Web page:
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Lighten Your Hair; No Dye Necessary

John Frieda
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John Frieda
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lemons
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John Frieda
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lemons
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If you’ve been bleaching/highlighting/balayaging so hard you don’t even remember how your natural hair looks, going cold turkey on coloring is like quititing a serious habit—and there’s a similarly high relapse rate. So before you break and wind up in the hair care aisle at Duane Reade muttering to boxes of Clairol, let us introduce you to the nicotine patches of lightening methods.

Gradual lifters will give you warm, sunny highlights without going full-blast blond, they’re pretty much foolproof (unless you are truly insane), and they’re much, much cheaper than a dye job. Below, a few of our favorites broken down by target demographic:

For the Traditionalist

Do you enjoy convenience? Are you the kind of person who “washes” his or her “hair”? Then you will probably really like John Frieda’s Go Blonder line. This shampoo and conditioner are easy to sub in as a hair-cleansing routine, they work, and they smell comparatively nice (the fragrance is a blend of vague yet inoffensive floral notes with a delightful plastic-squeeze-y-bottle accord to finish). We saw subtle results after about two weeks of daily use, although if your hair isn’t already at least dark blonde this probably won’t work—just sayin’.

For the Naturalist

Dear You,

We’re sure you’re lovely, but everyone is tired of hearing about Level 6 Vegan certifications and artisanal cold-pressed buttons and gluten-free dating sites, so please just do the polite thing and use Lush Marilyn without making a fuss. This stuff has all the time-tested natural blond enhancers: chamomile, linseed, lemon, etc. It gives dishwater-blond hair a fetching spun-gold tint and makes it incredibly soft, too. The jar says to run it through your hair, leave it on for twenty minutes, then wash it out. But instructions are for losers, so we dump half the pot on ourselves, wrap our entire heads in Saran wrap, then sleep on it. Works like a charm!

We’d do the Saran-and-Marilyn-goop thing every night, except that most of the humans we’ve dated have decidedly not been like “ ooooh, sexy” when confronted with a crinkly, lopsided plastic head monster who has linseed mucilage leaking down the sides of her face. Perhaps this is how we will know we have found The One.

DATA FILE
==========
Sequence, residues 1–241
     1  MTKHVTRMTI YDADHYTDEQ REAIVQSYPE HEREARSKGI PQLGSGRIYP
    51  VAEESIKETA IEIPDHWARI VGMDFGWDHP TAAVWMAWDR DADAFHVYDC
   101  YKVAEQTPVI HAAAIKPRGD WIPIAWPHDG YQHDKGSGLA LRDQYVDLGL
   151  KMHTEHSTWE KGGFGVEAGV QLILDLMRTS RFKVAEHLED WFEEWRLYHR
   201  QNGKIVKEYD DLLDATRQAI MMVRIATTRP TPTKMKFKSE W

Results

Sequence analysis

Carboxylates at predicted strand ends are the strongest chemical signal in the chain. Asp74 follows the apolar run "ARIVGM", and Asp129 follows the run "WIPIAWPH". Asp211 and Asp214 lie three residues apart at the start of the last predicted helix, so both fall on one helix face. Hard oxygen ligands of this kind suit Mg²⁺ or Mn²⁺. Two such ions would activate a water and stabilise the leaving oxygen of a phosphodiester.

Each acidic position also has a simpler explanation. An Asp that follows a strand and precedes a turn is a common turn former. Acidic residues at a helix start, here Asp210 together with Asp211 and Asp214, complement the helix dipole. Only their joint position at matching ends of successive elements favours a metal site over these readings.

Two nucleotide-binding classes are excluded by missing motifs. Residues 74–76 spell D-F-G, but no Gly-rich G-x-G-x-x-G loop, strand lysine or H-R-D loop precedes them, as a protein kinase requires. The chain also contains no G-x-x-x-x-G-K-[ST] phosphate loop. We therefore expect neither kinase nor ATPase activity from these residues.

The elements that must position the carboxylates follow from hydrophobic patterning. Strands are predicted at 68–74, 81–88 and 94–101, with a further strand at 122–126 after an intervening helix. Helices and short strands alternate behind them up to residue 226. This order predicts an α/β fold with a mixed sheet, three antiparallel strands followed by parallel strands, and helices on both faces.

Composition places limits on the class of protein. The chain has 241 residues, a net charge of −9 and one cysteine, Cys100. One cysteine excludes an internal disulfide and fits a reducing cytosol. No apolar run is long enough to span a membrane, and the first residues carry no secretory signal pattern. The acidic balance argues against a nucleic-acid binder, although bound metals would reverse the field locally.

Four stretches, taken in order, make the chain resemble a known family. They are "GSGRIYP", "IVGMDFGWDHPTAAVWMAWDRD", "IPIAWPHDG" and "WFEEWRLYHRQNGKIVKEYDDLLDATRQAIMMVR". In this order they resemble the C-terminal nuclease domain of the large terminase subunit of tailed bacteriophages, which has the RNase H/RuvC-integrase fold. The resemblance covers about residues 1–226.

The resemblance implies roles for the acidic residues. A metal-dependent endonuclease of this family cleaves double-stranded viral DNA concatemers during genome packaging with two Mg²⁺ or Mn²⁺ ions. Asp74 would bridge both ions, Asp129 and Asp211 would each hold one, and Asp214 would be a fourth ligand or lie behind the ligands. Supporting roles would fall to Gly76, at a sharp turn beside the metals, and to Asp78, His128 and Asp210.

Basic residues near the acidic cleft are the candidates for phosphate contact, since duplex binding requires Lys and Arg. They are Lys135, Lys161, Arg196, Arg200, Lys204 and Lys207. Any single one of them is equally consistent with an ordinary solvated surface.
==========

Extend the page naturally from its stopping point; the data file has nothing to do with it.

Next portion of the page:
For the Sentimentalist

Are you nostalgic for middle school? Does the phrase 'Nouveau Spice Girl' make you think “YES. NOW'? Then we recommend classic blonder-ing spray/follicular event-horizon Sun-In. It works, it costs less than street-cart juice, and it won’t dry your hair out nearly as much as bleach. Plus, you will be emotionally transported back to 1998—if not physically transported, though if a hair product were going to be a functional time machine, it would totally be Sun-In. Spray it in all over, comb it through, then blow dry; you don’t want weird patches of lightened hair where you spritzed and didn’t work it through. (In case you missed it, one of our fave blondes, Melissa Coker, swears by this stuff.)

For People Living in 1845

Find a lemon, put it in your hair, be done. This is the solution that self-conscious Neanderthals probably used (“Ugg look goooood! So face-framing highlight!”), and it definitely works. It’s pretty easy to squeeze some ripe citrus onto your head, but don’t blame us if you end up with an itchy scalp, because lemon is, unsurprisingly, incredibly acidic. Also, you will have pulp in your hair, and it will be sticky. If this whole messy thing sounds right up your alley (perhaps you are a masochist in addition to being some ancient person?) why not add it to conditioner or a masque or—heck, go wild —an avocado, and lighten up a little less…harshly? That way, you don’t dry out your follicles and scalp.

—Lacey Gattis

Photos by Mathea Millman.

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